The Catalogue Nº is 44-045 and the apparatus comes in three pieces: 
A small hut in front of which there is yellow and black warning sign
A net catcher, to catch the mail bags that are thrown from the train
A post with two arms, holding mail bags ready for collection by the passing mail train.
Sadly this is a non-working item but it does look good and fits in well with our mail coaches.

Monday, April 2, 2018

Coaching Stock - Part 2

Time to feature some more of our coaching stock and, this time, it is our fleet of Lima Blue and Grey liveried Mk1's. 
We do have quite a few of these coaches since it enables us to compile two or three rakes for use on various types of services.
There are four varieties of these coaches in the fleet and they are as follows:

We currently have six SKs in our fleet, all with the Running M25308 (Catalogue Nº: L305361) although these numbers will probably be changed in the future.

These coaches date from around 1982. 

At present we only have two SO blue & grey coaches although we do hope to add a couple more in the future. Both coaches are numbered E4630 (Catalogue Nº L305383) and, again, the number on one of them will be changed in due course.

These coaches date from around 1987.

We have eight CKs and all have the Running Nº W43671 (Catalogue Nº L305315). We definitely need to change these so that each coach is differently numbered.

They all date from around 1980.

Finally we have four BSKs all of which are numbered W43281 (Catalogue Nº L305331) and all of which date from 1979.
All of these coaches have been weathered to varying degrees, especially the bogies and all run very well too.

With the exception of adding, maybe, a couple more SO's to the fleet, I think this is as many of these coaches as we need for the services that we run on the layout.

As such they can be seen on expresses, semi-fasts and stopping trains and are also used for seating accommodation on the occasional sleeper service.

Sunday, March 11, 2018

Type 2 Diesels

Moving on to Type 2 locomotives, we currently have five of these in our fleet and all them, except one, are in weathered condition.
The North British diesel-hydraulic Class 22, or 'Baby Warship' as she was also known due to its similarity to the BR Class 41 Warship Class of locomotive. 
The Class 22 was introduced in 1959 and consisted of 58 locomotives, numbered D6300-D6357. Initially there were problems with the transmission and the engines, albeit these were nowhere near as bad as those issues with the company's diesel-electric equivalent Class 21 locomotives.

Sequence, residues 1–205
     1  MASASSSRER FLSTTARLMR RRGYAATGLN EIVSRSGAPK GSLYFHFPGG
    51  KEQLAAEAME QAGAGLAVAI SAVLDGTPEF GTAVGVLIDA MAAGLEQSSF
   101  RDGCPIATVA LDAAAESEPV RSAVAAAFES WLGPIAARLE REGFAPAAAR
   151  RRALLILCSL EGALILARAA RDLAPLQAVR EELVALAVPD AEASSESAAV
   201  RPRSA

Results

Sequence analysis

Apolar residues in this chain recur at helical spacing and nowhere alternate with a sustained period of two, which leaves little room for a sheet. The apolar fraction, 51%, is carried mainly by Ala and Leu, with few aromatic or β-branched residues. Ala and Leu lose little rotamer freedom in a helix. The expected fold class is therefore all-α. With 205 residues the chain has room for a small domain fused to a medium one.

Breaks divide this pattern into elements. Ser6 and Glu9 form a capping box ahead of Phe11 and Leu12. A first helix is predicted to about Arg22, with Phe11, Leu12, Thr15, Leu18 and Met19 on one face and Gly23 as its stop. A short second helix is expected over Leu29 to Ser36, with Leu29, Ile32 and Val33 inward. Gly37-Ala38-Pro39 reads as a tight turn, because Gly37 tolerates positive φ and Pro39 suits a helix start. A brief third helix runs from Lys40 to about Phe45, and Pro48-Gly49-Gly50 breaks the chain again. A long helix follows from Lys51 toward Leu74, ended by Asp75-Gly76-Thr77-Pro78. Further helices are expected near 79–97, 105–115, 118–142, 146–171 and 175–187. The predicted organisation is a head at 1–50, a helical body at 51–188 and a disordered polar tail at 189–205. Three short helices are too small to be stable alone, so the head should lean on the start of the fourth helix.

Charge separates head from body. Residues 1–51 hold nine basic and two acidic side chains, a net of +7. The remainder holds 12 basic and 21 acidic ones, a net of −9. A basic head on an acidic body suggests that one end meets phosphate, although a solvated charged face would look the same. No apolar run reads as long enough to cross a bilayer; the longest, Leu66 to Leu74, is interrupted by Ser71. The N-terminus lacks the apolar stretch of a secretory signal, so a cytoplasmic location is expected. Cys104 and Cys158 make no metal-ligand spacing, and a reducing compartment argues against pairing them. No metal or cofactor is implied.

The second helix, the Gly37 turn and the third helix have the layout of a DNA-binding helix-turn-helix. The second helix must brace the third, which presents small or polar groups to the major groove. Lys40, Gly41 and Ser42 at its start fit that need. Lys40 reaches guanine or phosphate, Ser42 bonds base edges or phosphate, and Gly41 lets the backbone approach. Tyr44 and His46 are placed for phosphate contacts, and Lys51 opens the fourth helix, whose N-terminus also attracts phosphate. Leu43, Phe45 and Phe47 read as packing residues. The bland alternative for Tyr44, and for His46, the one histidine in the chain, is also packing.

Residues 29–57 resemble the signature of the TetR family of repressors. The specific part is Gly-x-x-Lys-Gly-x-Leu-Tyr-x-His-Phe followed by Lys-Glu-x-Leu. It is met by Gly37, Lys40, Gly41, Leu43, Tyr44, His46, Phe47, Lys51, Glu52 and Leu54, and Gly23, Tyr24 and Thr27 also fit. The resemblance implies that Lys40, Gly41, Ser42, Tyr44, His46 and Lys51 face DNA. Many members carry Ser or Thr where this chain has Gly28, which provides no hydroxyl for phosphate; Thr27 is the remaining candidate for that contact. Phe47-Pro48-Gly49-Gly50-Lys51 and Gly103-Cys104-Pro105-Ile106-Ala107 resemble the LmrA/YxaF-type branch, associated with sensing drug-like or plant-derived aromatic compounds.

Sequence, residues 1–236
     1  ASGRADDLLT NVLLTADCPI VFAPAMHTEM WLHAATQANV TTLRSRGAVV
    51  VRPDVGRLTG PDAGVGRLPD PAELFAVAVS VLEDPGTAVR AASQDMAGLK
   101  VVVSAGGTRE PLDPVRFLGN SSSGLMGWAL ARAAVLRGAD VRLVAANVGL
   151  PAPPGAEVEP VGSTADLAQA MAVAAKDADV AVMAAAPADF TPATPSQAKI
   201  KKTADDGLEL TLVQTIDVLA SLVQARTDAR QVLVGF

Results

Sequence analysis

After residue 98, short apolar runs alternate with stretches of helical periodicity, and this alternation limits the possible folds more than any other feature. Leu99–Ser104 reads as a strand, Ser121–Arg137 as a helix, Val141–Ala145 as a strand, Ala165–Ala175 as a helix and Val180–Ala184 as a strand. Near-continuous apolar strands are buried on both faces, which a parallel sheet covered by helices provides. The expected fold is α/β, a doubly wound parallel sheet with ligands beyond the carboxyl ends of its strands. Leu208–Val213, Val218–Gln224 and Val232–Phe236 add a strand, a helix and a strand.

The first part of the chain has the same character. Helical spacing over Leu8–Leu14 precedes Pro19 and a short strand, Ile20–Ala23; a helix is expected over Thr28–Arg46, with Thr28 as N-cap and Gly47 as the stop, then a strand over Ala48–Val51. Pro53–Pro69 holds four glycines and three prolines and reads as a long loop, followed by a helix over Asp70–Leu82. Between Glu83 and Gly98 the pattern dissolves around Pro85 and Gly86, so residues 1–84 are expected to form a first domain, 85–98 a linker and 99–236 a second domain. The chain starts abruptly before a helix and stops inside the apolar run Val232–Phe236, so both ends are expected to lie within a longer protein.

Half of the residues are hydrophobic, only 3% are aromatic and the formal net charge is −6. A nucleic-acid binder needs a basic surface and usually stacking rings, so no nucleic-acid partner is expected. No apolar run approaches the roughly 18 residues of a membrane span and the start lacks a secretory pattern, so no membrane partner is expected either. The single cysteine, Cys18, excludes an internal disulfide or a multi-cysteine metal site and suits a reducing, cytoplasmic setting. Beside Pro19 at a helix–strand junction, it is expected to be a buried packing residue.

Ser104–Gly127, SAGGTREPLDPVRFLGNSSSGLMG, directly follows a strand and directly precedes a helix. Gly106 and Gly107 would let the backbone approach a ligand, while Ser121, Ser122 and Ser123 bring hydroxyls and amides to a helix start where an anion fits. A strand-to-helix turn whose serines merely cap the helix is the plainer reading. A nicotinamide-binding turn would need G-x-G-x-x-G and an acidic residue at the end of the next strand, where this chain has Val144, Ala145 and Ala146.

Besides which, following repairs by NBL their reliability did improve somewhat although they were soon displaced by the more powerful Hymeks and Class 42 Warships.
Our model is by Dapol (Catalogue Nº: D1000d) and is a great little runner. It has a Howes DCC sound decoder fitted and is used on similar duties to it bigger sisters, namely, freight workings, local passenger trains and ECS workings.
Sadly, none of these locos survived into preservation although D6319 was purchased from BR but was cut up at Swindon before the purchaser could save it from the cutter's torch.
One Locomotive (D6319) was purchased by a private individual from BR, but it was cut up at Swindon before the buyer could retrieve it.
On a more positive note, 'The Project Class 22 Society' do plan to build a new locomotive and their website, for those who are interested, is here
Built by English Electric at its Vulcan Foundry, the Class 23, or Baby Deltics, were another small class of locomotives, numbering only 10 in the fleet. It used the Napier Deltic T9-29 9-cylinder engine of 1,100 bhp, a single version of the engine used in the Class 55 locomotive.
As with the Class 22's, they were introduced in 1959 but, unfortunately, this was another prototype diesel that was beset with problems and they were all withdrawn by 1971. Once again, none of the fleet survived although one of the Napier T29 engines did avoid being cut-up and this is now being used (together with the body of 37372) by the Baby Deltic Project to build a new Class 23 - D5310.
Their website is:
As with the prototypes, our Heljan model (Catalogue Nº 2323) also gave us a few problems in that the drive shaft kept dropping out. I replaced it myself a couple of times but eventually decided to send it back to Howes who managed to effect a more permanent repair.
Our loco has been weathered and is fitted with a Howes DCC sound decoder and she does sound amazing. We use her for a variety of tasks from frieght to ECs to both local and semi-fast passenger work.
D5909 was also the only member of the class to receive the full rail-blue livery.
Our model of the Class 24 (24081) is by the Sutton Locomotive Works (Catalogue Nº: 2402) and is a great model in so many ways. She looks fantastic, she sounds amazing and is just like the real locomotive to drive!
She is fitted with DCC sound (plus stay-alive capacitor) and has two speakers, which means her sound quality is awesome.
The model also features the later exhaust arrangement, exposed solebars and plated over front doors.
The class numbered 151 locos and were built between 1958 and 1961 with 24081 being the last one to be withdrawn in October 1980. It is also one of only four of the class to have been preserved.
Our model is very much a mixed traffic loco and can be seen on a variety of goods trains as well as on both local and semi-fast passenger workings.